If you have a family history of cancer, it is extremely important that you let your doctor know. Your doctor will then take a thorough recording of your family history, paying particular attention to cancer diagnoses. If your doctor suspects that you may have Lynch syndrome, they will refer you to a health care professional who specializes in genetic cancer screening, testing and counseling.
In addition, all newly diagnosed colorectal cancer or endometrial cancer patients also should be screened or tested for Lynch syndrome.
Genetic testing involves a simple blood test. Your blood sample is sent to a special laboratory where it is analyzed for certain changes or mutations that indicate Lynch syndrome.
If you test positive for Lynch syndrome, meaning that genetic mutations were found in your blood, this does not necessarily mean that you will get cancer. It means that your lifetime risk of developing colon cancer is between 60 to 80 percent. You also have an increased chance of developing other cancers associated with Lynch syndrome.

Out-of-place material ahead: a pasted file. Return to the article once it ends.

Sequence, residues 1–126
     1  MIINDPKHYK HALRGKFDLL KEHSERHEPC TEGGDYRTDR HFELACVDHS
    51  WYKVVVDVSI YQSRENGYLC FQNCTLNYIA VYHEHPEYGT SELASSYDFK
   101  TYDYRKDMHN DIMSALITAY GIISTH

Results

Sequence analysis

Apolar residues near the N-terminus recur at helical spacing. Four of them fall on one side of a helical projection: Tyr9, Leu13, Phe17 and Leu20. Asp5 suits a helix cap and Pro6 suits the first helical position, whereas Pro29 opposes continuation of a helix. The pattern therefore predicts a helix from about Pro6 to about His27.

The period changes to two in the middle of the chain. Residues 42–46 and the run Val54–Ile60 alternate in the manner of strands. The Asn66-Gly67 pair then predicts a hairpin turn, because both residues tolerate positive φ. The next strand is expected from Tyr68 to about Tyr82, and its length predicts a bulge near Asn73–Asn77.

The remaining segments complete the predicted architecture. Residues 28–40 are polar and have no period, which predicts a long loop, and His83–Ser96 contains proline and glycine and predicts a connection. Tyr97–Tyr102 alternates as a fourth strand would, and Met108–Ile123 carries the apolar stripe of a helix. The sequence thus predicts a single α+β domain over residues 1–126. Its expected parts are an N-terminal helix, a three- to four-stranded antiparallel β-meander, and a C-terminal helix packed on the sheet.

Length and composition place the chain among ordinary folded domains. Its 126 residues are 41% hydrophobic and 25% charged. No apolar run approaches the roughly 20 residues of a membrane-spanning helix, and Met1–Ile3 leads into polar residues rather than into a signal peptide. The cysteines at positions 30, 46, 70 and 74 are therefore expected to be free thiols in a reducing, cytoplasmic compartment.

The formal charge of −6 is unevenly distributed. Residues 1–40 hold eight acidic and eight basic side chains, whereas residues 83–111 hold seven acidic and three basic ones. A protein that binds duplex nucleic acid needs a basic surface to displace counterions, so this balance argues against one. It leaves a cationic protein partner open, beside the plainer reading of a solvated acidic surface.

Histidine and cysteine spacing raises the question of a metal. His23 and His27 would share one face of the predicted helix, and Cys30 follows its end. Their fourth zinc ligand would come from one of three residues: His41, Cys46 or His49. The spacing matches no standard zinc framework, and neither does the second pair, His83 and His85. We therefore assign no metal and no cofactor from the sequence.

A negative test result for Lynch syndrome, meaning that genetic mutations were not found in your blood, depends on additional factors such as whether your family members have Lynch syndrome or colon cancer. If you test negative for Lynch syndrome but have family members with the syndrome, your risk for colon cancer is not increased, but remains the same as the general population. However, in some cases, such as if you have a strong family history of colon cancer, a negative test result may still mean that you are at an increased risk for colon cancer.
Your genetic counselor will explain your test results and help you make decisions regarding cancer prevention, screening and treatment options.
Based on established medical criteria, the following people should be screened or tested for Lynch syndrome:
Reviewed by health care specialists at UCSF Medical Center.